THE appearance of purpuric manifestations in heatstroke has been recorded by several authors.1 According to Wakefield and Hall,2 Andnal gave the first accurate account of the major postmortem features in 1838—namely, petechiae, liquid blood and venous engorgement. In 1892 Osier3 wrote: "The venous engorgement is extreme, particularly in the cerebrum. The blood is usually fluid; the lungs are intensely congested. Parenchymatous changes occur in the liver and spleen."
In a review of available literature concerning heatstroke we have not found an adequate explanation of this hemorrhagic phenomenon. However Wilson and Doan4 reported decreases in prothrombin and platelets in patients subjected to artificially induced fever. They concluded that the decrease in prothrombin was secondary to hepatic damage and that the degree of thrombopenia depended on the extent of megakaryocytic damage.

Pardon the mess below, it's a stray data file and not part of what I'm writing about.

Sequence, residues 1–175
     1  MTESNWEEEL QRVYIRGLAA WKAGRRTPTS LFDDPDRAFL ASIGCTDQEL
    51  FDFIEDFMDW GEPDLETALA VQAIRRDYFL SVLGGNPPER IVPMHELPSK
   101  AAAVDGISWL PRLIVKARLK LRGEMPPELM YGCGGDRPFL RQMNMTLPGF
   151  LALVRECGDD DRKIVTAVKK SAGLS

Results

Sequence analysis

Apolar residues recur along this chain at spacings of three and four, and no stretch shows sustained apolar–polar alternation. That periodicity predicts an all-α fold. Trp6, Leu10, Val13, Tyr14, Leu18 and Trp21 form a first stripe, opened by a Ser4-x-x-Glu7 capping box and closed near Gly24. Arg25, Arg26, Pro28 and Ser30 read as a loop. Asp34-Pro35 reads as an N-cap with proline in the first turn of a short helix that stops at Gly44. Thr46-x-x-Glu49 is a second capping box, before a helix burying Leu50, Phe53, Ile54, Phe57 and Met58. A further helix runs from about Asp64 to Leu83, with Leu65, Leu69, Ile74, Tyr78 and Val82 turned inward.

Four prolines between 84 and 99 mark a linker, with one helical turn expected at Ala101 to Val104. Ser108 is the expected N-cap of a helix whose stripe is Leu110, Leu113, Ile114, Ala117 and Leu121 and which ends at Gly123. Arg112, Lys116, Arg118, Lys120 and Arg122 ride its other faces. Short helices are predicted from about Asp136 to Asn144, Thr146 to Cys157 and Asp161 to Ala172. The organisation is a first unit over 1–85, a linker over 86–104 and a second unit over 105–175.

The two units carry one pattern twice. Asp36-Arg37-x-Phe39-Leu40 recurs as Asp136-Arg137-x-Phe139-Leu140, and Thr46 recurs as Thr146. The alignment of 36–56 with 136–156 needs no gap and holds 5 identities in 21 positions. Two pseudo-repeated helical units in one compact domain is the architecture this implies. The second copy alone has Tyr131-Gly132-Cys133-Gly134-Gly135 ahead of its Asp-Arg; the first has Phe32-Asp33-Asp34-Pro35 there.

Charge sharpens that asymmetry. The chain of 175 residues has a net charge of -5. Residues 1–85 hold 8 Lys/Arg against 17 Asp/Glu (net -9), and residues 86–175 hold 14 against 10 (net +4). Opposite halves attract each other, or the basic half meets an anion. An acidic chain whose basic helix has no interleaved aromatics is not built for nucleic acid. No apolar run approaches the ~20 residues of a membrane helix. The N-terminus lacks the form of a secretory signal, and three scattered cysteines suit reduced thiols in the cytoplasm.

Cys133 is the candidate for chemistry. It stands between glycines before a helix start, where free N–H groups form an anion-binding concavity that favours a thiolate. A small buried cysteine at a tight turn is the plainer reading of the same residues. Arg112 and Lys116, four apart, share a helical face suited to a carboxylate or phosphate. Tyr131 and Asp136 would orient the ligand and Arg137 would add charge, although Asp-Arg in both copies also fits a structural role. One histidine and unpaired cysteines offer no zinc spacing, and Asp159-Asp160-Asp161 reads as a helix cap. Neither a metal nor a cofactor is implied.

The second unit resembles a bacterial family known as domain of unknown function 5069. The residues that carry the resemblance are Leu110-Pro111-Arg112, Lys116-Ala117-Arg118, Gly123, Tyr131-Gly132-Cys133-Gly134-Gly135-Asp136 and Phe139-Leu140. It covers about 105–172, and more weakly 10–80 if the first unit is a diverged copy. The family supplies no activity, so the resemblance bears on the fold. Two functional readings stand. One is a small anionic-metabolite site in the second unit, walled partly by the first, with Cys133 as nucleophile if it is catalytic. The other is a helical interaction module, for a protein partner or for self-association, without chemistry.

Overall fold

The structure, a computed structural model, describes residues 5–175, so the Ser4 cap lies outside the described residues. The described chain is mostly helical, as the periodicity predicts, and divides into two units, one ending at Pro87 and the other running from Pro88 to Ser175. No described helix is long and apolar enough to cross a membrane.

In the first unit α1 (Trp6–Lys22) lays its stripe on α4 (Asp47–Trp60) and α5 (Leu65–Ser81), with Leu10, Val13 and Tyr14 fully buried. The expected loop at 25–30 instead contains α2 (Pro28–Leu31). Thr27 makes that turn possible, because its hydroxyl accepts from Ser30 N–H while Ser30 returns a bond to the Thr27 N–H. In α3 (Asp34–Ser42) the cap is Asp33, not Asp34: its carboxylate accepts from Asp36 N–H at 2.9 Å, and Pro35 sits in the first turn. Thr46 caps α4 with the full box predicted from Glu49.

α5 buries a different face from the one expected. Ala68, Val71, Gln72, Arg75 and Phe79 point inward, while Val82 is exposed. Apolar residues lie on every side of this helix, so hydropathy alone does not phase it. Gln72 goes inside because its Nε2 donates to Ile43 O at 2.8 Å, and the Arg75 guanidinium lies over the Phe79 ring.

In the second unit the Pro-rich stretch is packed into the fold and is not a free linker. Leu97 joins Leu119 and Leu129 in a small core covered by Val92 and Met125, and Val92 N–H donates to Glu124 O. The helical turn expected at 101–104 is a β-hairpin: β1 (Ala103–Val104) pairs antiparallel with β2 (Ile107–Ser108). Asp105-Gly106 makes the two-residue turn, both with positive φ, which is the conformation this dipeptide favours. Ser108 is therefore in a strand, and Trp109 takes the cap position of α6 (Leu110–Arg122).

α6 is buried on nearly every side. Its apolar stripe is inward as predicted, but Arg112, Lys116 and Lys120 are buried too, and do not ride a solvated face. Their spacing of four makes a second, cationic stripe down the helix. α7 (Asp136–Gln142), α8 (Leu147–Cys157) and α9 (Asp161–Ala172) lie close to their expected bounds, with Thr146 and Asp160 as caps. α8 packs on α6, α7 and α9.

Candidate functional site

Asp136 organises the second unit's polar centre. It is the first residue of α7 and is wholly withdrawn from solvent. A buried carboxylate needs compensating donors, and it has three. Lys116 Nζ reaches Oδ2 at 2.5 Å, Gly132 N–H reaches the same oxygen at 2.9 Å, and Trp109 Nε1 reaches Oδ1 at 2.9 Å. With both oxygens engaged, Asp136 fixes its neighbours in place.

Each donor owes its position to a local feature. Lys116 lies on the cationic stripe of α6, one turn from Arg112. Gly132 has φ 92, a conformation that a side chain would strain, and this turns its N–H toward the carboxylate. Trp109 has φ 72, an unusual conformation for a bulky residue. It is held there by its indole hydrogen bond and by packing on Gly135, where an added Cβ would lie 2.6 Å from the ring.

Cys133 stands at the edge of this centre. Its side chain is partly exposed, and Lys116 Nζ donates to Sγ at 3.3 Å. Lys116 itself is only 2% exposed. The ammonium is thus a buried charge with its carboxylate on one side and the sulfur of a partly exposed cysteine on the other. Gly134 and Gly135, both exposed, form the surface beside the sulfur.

The purpose of this report is to record the results of repeated determinations of prothrombin time and
WRIGHT DO, REPPERT LB, CUTTINO JT. PURPURIC MANIFESTATIONS OF HEATSTROKEStudies of Prothrombin and Platelets in Twelve Cases. Arch Intern Med (Chic). 1946;77(1):27–36. doi:10.1001/archinte.1946.00210360032003
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